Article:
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On Japan's Yonaguni island, fears of being on the front line of a Taiwan conflict

The seashore on southwest Japan's Yonaguni island.
Anthony Kuhn/NPR
The seashore on southwest Japan's Yonaguni island.

YONAGUNI ISLAND, Japan — For years it was known as the "Two Gun" island – one gun for each of the two policemen stationed here.

Yonaguni, Japan's most westerly island, can feel like a peaceful paradise — it is covered in tropical forests and hammerhead sharks glide through its azure waters.

But there is trouble on the horizon. Almost 70 miles away lies the island of Taiwan — the self-governing democracy which once again finds itself in the headlines.

On Thursday, six Chinese ballistic missiles landed in water near Japan's southwestern islands, one of them near Yonaguni and five others within Japan's Exclusive Economic Zone, according to the Japanese authorities.

The missiles were part of large-scale military exercises China is conducting in response to House Speaker Nancy Pelosi's overnight trip to Taiwan this week. She is the highest-ranking elected U.S. official to visit the island in 25 years.

China sees Pelosi's trip as a show of support for Taiwanese separatist forces. In the past, Beijing has threatened to invade the island, if it declares independence.

The roughly 1,700 inhabitants of Yonaguni now fear that their island could be on the front line of any conflict.

The seashore on southwest Japan's Yonaguni island.
/ Anthony Kuhn/NPR
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Anthony Kuhn/NPR
The seashore on southwest Japan's Yonaguni island.

"During the Vietnam War, boat people came here," says Ryuichi Ikema, the director of a history museum on the island. "In case of a Taiwan contingency, millions of Taiwanese could come here. We're the closest island, and I wonder: how can we deal with it?"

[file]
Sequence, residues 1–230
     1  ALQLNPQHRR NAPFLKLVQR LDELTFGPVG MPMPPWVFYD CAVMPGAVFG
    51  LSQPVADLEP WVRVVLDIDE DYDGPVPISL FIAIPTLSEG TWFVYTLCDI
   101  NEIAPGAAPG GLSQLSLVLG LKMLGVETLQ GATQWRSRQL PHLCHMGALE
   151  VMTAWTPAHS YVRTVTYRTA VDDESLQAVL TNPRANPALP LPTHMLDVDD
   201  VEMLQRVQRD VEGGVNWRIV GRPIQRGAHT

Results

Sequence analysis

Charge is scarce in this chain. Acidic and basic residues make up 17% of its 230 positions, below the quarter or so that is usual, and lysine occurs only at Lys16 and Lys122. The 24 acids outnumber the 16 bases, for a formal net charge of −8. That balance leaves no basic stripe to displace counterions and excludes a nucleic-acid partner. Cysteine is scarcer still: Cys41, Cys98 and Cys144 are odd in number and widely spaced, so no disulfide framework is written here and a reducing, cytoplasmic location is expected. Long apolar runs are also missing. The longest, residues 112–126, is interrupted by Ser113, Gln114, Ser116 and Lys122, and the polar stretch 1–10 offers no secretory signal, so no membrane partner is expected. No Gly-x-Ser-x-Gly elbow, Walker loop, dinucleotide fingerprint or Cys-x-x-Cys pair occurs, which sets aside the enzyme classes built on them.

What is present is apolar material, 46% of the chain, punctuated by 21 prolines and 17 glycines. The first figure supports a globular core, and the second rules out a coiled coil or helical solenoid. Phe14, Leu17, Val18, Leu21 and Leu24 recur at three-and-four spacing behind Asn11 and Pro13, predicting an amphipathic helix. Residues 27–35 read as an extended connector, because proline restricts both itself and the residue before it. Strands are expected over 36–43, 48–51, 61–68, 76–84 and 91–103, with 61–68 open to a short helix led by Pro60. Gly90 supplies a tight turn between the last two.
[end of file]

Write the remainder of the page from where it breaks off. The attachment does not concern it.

For centuries, Yonaguni was part of the semi-independent Ryukyu Kingdom, a tributary state of China and Japan. It did not become a part of the modern Japanese state until the late 1800s. For a half-century, until the end of World War II, Taiwan was a colony of Japan and trade between Taiwan and Yonaguni flourished.

But every year, Yonaguni residents mark the anniversary of the end of the World War II battle for the nearby island of Okinawa. Nearly a third of Okinawa's population died in the fighting, and that contributed to a strong sense of pacifism on Yonaguni.

Officials and residents on Yonaguni island attend a ceremony marking the anniversary of World War II's Battle of Okinawa in 1945, in which nearly a third of Okinawa's population died.
/ Anthony Kuhn/NPR
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Anthony Kuhn/NPR
Officials and residents on Yonaguni island attend a ceremony marking the anniversary of World War II's Battle of Okinawa in 1945, in which nearly a third of Okinawa's population died.

China's rise has changed the equation. Japan has been strengthening defenses across its southwest islands, which form a series of choke points between the East China Sea and the rest of the Pacific Ocean.

In 2016, the government built a military base on Yonaguni and stationed about 160 soldiers on it, tasked with monitoring waterways and airspace.

The island is divided on the military presence. Masateru Nakazato, who teaches at a local school and whose students include children of soldiers at the base, says his students sometimes ask him what would happen in case of a conflict over Taiwan.